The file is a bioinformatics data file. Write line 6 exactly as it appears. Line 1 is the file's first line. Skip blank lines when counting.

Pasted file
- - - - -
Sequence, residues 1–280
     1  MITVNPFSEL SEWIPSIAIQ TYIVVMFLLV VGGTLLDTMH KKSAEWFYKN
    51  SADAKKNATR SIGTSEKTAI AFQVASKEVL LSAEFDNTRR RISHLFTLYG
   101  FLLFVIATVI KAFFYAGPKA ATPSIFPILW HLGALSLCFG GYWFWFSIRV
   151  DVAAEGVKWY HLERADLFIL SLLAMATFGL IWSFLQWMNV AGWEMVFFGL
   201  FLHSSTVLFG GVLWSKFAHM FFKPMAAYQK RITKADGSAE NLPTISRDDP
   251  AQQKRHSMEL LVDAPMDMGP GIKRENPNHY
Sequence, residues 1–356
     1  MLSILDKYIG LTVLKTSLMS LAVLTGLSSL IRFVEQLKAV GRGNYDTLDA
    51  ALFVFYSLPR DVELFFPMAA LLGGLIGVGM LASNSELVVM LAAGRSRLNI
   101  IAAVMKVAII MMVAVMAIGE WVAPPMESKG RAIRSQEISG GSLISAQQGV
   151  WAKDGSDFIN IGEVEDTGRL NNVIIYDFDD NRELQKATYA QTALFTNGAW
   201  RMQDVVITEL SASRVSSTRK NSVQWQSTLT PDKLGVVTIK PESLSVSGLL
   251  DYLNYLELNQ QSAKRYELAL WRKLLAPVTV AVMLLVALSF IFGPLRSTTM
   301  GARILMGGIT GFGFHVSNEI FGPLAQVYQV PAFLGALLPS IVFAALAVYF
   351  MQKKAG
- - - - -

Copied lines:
   201  FLHSSTVLFG GVLWSKFAHM FFKPMAAYQK RITKADGSAE NLPTISRDDP